The Shop: An Innovation Hub Changing the Face of Middle School Education
Everything changed for education on the morning of March 13. Schools closed, students stayed home, and the entire system became paralyzed due to the Coronavirus. Educators had never faced a crisis of this magnitude. A responsive, creative plan was crucial to overcoming it.
Teachers and administrators at Bay Farm Montessori Academy, a pre-K through grade 8 school in Duxbury, wasted no time taking action. Within a day of closing the school, they created and launched “Bay Farm at Home,” an in-home, online daily curriculum specific to every student. They didn’t stop there. Continual research to improve the curriculum has ensured that students won’t just reach their learning goals from home, but surpass them.
“This kind of responsive, divergent thinking is what we teach our students every day at Bay Farm,” says Jenny Sabados, Director of The SHOP at Bay Farm, an innovation hub opening this fall custom made for the middle school program.“It is a perfect example of what is ingrained in each student before they graduate to ensure their success in an ever-changing world.”
At Bay Farm, those 21st-century problem-solving skills are developed by taking on real-world challenges in the classroom like Coronavirus. Students might examine the trajectory of the virus’ spread, study the effectiveness of containment measures around the world, and test and implement prevention solutions in The Shop to present to community leaders.
“We’re preparing students for a future we don’t quite understand,” says Head of School Conrad Wildsmith. “The Shop is where middle schoolers bring their learning and ideas to life in a collaborative, challenging environment, and gain the skills and confidence to go and solve a problem, regardless of what it is.”
The SHOP is a prime example of how Bay Farm practices the Montessori philosophy of building independence through hands-on experience, though it was a different kind of shop that inspired the name. When first researching the teaching method in the early 1900s, Maria Montessori had adolescents work in her store where they engaged with customers, learned about supply and demand, balanced checkbooks, and how to run a sustainable business. By taking on a managerial role in a real business, the children would develop interpersonal skills and a sense of self-efficacy that would become the core of Montessori’s revolutionary approach to education.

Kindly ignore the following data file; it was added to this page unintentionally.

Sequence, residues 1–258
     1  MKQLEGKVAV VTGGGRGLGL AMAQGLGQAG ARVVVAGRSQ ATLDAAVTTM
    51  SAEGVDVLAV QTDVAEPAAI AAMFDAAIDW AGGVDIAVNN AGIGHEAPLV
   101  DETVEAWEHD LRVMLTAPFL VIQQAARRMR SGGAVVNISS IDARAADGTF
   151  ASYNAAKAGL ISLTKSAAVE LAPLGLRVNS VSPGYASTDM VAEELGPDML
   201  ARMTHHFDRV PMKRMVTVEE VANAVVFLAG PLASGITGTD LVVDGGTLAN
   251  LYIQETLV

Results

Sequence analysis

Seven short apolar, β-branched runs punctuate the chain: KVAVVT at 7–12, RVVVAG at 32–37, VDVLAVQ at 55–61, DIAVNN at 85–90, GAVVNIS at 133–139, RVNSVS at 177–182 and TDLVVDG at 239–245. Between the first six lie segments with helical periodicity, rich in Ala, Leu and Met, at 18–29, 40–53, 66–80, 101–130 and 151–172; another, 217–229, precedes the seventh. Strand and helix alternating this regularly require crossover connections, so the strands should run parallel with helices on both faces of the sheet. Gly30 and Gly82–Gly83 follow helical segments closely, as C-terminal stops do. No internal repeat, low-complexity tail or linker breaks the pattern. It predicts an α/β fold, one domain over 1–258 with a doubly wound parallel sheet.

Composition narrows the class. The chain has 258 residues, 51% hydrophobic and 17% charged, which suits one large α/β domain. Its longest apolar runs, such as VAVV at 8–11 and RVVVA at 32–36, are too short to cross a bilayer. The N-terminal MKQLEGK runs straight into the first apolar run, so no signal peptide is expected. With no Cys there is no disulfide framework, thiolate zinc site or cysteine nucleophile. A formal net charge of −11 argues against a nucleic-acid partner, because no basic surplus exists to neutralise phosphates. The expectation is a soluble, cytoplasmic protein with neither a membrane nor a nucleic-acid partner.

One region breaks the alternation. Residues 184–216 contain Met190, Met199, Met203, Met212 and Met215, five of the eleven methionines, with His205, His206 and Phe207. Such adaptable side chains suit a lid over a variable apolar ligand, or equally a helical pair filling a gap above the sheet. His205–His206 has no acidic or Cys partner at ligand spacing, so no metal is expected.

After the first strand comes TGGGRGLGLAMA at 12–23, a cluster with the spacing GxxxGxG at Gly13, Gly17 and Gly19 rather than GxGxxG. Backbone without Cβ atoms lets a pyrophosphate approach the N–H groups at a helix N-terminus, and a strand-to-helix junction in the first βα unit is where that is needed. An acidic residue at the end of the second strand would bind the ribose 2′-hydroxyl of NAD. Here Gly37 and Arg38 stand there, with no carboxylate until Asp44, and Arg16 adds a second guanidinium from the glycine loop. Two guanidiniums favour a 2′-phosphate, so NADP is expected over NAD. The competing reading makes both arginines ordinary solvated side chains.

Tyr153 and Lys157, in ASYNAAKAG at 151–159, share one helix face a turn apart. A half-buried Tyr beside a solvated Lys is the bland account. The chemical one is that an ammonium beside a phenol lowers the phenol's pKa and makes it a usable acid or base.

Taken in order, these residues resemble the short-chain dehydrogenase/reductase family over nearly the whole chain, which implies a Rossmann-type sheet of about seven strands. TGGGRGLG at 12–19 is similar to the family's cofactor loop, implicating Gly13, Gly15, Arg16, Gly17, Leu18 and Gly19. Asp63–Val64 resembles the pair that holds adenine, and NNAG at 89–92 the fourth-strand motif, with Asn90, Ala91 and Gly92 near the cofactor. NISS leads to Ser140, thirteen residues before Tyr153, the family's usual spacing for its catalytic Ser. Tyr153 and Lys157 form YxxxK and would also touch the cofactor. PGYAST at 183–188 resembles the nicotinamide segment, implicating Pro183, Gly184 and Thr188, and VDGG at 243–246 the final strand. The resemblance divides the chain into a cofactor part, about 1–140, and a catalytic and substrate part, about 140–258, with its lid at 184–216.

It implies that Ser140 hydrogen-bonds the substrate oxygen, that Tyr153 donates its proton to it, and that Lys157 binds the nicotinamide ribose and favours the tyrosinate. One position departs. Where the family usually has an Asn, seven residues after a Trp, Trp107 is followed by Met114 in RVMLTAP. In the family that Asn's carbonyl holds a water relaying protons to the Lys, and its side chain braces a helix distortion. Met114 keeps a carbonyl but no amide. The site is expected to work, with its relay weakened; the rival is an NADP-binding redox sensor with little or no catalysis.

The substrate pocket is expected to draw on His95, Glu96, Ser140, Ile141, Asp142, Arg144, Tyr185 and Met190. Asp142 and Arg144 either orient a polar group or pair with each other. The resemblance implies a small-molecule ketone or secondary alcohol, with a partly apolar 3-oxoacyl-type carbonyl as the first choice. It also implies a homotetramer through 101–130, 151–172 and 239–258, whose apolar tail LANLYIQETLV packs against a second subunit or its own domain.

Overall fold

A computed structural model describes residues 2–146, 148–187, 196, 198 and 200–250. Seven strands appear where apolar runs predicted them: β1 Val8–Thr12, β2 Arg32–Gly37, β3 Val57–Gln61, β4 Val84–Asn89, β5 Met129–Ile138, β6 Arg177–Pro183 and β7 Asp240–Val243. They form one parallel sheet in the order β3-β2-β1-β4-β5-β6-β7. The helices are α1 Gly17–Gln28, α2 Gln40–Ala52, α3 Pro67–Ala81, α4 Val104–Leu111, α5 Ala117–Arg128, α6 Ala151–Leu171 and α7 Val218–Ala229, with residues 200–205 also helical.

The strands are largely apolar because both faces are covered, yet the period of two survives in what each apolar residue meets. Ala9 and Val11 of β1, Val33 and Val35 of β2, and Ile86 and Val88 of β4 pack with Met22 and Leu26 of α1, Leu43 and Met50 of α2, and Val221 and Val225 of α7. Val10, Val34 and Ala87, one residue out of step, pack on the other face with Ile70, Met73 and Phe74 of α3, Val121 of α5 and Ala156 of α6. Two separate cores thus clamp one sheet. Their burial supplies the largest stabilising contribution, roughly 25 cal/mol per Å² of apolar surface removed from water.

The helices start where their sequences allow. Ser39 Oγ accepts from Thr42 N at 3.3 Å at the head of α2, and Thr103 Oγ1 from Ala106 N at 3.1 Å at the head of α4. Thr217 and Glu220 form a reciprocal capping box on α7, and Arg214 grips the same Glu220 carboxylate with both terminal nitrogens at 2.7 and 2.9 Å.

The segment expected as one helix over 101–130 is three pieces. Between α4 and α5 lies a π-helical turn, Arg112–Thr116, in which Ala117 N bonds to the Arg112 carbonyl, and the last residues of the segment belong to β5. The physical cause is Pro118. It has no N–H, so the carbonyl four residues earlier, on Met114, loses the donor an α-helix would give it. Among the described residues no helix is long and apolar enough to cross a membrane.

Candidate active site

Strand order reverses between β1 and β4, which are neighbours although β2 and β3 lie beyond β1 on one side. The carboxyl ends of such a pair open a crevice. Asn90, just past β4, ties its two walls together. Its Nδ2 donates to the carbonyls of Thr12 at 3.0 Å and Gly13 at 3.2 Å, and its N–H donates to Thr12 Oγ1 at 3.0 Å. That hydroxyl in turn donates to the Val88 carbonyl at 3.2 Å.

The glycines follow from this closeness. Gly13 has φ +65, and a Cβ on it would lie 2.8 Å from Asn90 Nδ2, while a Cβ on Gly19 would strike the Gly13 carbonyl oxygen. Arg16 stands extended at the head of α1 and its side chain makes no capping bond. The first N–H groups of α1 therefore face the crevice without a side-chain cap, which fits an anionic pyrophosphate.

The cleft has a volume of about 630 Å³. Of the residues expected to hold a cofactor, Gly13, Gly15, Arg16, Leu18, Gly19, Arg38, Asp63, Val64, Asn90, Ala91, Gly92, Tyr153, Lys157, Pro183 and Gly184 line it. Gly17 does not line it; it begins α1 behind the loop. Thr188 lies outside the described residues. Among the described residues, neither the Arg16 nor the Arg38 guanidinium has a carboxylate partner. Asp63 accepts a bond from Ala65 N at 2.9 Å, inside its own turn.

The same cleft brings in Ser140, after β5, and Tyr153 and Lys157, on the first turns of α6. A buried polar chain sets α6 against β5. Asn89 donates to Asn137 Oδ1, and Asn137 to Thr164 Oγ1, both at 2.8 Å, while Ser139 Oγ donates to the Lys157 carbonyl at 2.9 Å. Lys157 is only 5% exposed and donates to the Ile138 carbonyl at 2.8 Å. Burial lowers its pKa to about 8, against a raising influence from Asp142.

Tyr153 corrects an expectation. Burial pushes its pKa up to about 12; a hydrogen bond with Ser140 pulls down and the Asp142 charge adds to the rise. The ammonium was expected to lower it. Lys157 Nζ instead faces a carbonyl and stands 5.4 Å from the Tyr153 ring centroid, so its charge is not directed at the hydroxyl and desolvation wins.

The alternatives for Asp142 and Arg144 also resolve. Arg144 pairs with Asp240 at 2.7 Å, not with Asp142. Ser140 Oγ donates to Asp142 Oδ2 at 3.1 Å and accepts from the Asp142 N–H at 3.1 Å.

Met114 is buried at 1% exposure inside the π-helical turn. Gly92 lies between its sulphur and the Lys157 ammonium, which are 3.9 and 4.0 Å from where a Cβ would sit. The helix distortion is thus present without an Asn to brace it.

“She knew that middle schoolers needed a sense of agency and control to feel like they were important and contributing. Our idea was to update that shop experience to make it current,” says Wildsmith.
Making The Shop current also means making it flexible. The highly adaptable space with writeable walls and durable work surfaces will constantly evolve to fit the needs of students and be accessible at all hours of the day. Say a group of students are interested in building a project around improving the water quality in Duxbury Bay. After studying water chemistry in the classroom, the students could go down to the Bay to collect water samples, analyze the data and design filters in The Shop, and show their findings to local conservationists in The Collective, a cozy central space for collaboration and presentation.
“A huge element of The SHOP is for students to talk about what they’re learning and be able to present it to their peers. It’s the full circle that connects the community to what the child is interested in,” says Sabados.
Just like their teachers, students are encouraged to keep finding ways to enhance their projects by using all of the unique tools Bay Farm has to offer. They could also create a podcast incorporating their findings using state-of-the-art sound equipment in The Studio and experiment with how water quality affects South Shore ecology in The Greenhouse, a natural laboratory on campus.
No matter what challenge students take on, Wildsmith says Bay Farm’s mission isn’t for students to have all the right answers but to ask the right questions, recognize the right resources, and make the right connections. With those 21st-century skills in hand, students can envision what they will become—design-thinkers ready to take on the world.
“Once they graduate, they’ll have learned how to pivot, revise, persevere, and solve complex problems,” says Sabados.“The Shop is a physical space, how our students learn to use it is the exciting part!”
To learn more The SHOP and how Bay Farm can help your child reach their full potential, visit bfarm.org.This is a paid partnership between Bay Farm Montessori Academy and Boston Magazine's City/Studio